Figure 1 shows the distribution of particles around the solution in an experiment where the vehicle drives from north to south. Cyan particles are estimated by the SCM while green ones are calculated by the NCM. Even though both solutions are within the possible confidence scenarios, both of them are not the same good. While in the upper cloud, the GPS-EGNOS value matches better the solution that assumes normal conditions, after the slide, the satellite solution fits better the filter output that assumed slides.
Figure 2 shows how model probabilities change at those instants, precisely during the slides. The MMPF manages to identify the sliding situations, and switches to the SCM model, returning to the NCM only when the slide has disappeared. For the same test, Table 1 provides the consistency results for all model combinations by using the time average correlation. Low values represent better consistency. For a properly tuned filter, the variance should be σ 2 = 1 K . In our experiment, σ = 0.0083 , and the 95% probability region results (−0.01633, 0.01633). Both NCM and SCM fall out of this threshold, only satisfied by the MMPF.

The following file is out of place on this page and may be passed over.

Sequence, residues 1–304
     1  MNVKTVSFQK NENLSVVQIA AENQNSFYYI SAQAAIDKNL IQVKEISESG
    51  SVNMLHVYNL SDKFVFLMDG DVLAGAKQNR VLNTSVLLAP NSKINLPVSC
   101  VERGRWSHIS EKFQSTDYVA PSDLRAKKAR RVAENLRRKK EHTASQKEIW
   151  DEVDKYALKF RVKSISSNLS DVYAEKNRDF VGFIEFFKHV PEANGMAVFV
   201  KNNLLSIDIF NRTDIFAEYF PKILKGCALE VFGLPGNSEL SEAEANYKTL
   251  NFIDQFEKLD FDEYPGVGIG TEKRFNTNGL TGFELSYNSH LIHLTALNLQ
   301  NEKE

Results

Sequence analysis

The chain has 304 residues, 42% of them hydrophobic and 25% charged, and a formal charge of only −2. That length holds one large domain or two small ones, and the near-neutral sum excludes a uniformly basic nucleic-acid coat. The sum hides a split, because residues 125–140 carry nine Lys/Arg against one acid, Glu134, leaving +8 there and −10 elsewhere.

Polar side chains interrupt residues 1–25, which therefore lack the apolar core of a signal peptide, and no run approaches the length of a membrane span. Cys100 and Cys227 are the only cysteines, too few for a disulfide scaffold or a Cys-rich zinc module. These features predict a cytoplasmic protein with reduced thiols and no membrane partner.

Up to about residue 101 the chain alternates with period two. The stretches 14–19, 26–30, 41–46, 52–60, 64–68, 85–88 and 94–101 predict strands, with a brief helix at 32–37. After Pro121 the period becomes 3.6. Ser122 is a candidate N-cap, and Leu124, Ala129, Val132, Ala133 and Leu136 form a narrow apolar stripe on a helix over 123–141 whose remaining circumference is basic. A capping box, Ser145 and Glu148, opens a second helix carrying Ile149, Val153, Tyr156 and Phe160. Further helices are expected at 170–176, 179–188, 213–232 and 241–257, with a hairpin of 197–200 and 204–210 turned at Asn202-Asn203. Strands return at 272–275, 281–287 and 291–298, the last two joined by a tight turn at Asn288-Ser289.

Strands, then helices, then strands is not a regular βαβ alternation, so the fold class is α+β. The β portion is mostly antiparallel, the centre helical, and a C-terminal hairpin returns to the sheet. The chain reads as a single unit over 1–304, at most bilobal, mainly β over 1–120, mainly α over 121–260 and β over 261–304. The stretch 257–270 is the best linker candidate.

Similar conclusions can be achieved by using the time average NIS indicator (Figure 3). Even if the MMPF encounters some trouble to model the slide around instant 85, it is still the best solution. Additionally, switching models based on each model probability appears to be sounder than a weighted solution.

7. Conclusions